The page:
The discovery of a ceremonial building, burial monuments, cultic vessels and manipulated tombs has bolstered confidence that ancient worship was taking place 2,500 years ago at Itanos, an archaeological site of extreme importance on the island of Crete with a well situated harbor and a key place for trade roads.

Professor Didier Viviers, who is the co-director of the excavations alongside Professor Athena Tsingarida states:

“The fact that we have erected cenotaphs (burial monuments) and a concentration of cultic and drinking vessels clearly indicates that the activity within this necropolis was not daily life, but ritual practice. It was a place where the community gathered to honor their ancestors." 

The archaic building consisted of a large reception hall, adjoining a storeroom, where members of the family clan could hold a funeral banquet. But most of the surface area was devoted to a large courtyard, in which offerings to the dead were made around a erected cenotaph built on an ancient tomb. A separate room, where, probably more intimate, rites were performed, was used for another equipment also related to an ancient tomb.

“At the time of the construction of this funerary complex, some of the ancient burials were manipulated. They were emptied of their contents which were replaced with a pot (chytra), containing olive leaves, which may have been used during the preparation of ritual meals addressed to the dead.”

The discoveries at the communal burial ground at Itanos have rekindled a longstanding academic brawl over the lack of burials on Crete during this period which had been interpreted as a sign of austerity and decline of the Cretan society.

The excavators exploring Itanos are not saying that the cemetery was necessarily used to inhumed or incinerated the inhabitants per se. But they are now confident: Cretan ritual festivities worship took place there to honor the ancestors while the lack of burials does not necessary signify a decline of the society but rather reflects a change of social practices attesting frequent visits and tributes to the dead.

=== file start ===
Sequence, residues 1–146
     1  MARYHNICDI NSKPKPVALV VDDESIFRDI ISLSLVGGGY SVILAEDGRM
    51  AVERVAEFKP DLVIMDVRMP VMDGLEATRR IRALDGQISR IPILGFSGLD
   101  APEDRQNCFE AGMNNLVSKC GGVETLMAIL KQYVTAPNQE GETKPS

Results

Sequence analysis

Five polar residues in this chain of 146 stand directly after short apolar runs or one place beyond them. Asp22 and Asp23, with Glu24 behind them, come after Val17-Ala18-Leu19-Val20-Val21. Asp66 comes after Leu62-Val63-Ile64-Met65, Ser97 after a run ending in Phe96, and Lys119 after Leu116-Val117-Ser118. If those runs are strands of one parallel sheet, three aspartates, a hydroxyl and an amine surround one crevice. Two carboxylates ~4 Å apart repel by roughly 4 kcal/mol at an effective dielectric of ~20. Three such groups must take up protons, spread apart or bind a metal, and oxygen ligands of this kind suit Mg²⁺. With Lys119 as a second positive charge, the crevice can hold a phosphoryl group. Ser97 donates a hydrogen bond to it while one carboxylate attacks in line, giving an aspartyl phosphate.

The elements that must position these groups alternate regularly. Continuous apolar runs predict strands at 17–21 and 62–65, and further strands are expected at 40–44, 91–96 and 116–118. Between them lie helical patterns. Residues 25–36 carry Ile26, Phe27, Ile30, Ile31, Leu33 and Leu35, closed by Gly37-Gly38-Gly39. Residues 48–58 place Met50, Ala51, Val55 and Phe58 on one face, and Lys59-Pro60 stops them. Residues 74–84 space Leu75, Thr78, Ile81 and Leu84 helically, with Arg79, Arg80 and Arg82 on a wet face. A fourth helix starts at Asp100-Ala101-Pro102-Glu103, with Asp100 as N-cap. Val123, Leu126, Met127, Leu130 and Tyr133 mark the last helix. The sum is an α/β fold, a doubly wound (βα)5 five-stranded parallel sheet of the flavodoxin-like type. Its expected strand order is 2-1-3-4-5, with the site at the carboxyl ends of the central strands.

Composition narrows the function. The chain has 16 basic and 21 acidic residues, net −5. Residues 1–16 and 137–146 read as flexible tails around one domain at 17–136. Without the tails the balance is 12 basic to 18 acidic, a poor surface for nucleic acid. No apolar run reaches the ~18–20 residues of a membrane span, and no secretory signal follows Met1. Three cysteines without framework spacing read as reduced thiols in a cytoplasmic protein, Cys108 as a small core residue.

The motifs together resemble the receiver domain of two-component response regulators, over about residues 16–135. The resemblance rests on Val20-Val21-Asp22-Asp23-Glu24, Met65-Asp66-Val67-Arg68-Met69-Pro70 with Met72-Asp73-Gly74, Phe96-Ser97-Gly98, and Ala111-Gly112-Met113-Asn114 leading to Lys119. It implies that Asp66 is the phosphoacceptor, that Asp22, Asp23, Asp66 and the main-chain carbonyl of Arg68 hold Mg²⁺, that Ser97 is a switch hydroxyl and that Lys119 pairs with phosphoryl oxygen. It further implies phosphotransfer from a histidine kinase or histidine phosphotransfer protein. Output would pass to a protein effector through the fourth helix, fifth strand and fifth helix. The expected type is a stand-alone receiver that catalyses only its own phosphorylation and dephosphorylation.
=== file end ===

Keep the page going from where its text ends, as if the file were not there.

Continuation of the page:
“This exceptional discovery helps to understand the political and social use of the cemeteries in Crete during this very important period for the construction of the Cretan city-states.”

Itanos is situated at the eastern tip of Crete and was established in the 9th century BCE but quickly rose to prominence thanks to its trade with purple dye that was obtained from shellfish or mollusks. Purple-dye was highly sought after in ancient times and became a mark of wealth since the amount of fluid acquired from each shellfish was small and a time-consuming process to extract. It is therefore easy to understand how Itanos quickly could rise to wealth and fame from selling this luxurious dye. Its fair harbor also made it a great international port where merchants from the Aegean, Anatolia, Egypt and other parts of the Mediterranean traded various commodities such as wine, perfume and ceramic wares.

Its vast material prosperity is also attested by the fact that the city-state minted its own coins which often depicts mythical sea creatures, such as Glaukos, a bearded god with a trident who was the protector of fishermen as well as coins with the sea-god Triton.